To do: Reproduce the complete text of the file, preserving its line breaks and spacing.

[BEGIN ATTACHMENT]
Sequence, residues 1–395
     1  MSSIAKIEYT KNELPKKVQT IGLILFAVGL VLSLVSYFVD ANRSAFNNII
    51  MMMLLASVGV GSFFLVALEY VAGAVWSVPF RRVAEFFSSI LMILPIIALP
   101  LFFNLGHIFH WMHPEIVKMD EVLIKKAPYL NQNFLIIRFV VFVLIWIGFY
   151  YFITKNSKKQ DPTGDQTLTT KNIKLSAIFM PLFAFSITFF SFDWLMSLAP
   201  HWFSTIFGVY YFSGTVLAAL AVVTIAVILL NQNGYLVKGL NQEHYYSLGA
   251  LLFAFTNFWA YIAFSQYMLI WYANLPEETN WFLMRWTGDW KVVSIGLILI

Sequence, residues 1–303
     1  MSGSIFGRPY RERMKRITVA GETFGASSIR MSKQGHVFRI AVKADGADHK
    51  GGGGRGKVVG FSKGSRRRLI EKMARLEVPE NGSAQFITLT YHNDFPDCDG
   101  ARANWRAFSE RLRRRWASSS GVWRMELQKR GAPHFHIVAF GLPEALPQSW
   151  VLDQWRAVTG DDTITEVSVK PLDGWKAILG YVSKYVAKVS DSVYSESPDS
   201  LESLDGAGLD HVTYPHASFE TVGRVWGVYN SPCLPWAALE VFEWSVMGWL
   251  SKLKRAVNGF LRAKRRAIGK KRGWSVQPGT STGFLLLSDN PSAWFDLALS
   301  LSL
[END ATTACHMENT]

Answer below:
Sequence, residues 1–395
     1  MSSIAKIEYT KNELPKKVQT IGLILFAVGL VLSLVSYFVD ANRSAFNNII
    51  MMMLLASVGV GSFFLVALEY VAGAVWSVPF RRVAEFFSSI LMILPIIALP
   101  LFFNLGHIFH WMHPEIVKMD EVLIKKAPYL NQNFLIIRFV VFVLIWIGFY
   151  YFITKNSKKQ DPTGDQTLTT KNIKLSAIFM PLFAFSITFF SFDWLMSLAP
   201  HWFSTIFGVY YFSGTVLAAL AVVTIAVILL NQNGYLVKGL NQEHYYSLGA
   251  LLFAFTNFWA YIAFSQYMLI WYANLPEETN WFLMRWTGDW KVVSIGLILI

Sequence, residues 1–303
     1  MSGSIFGRPY RERMKRITVA GETFGASSIR MSKQGHVFRI AVKADGADHK
    51  GGGGRGKVVG FSKGSRRRLI EKMARLEVPE NGSAQFITLT YHNDFPDCDG
   101  ARANWRAFSE RLRRRWASSS GVWRMELQKR GAPHFHIVAF GLPEALPQSW
   151  VLDQWRAVTG DDTITEVSVK PLDGWKAILG YVSKYVAKVS DSVYSESPDS
   201  LESLDGAGLD HVTYPHASFE TVGRVWGVYN SPCLPWAALE VFEWSVMGWL
   251  SKLKRAVNGF LRAKRRAIGK KRGWSVQPGT STGFLLLSDN PSAWFDLALS
   301  LSL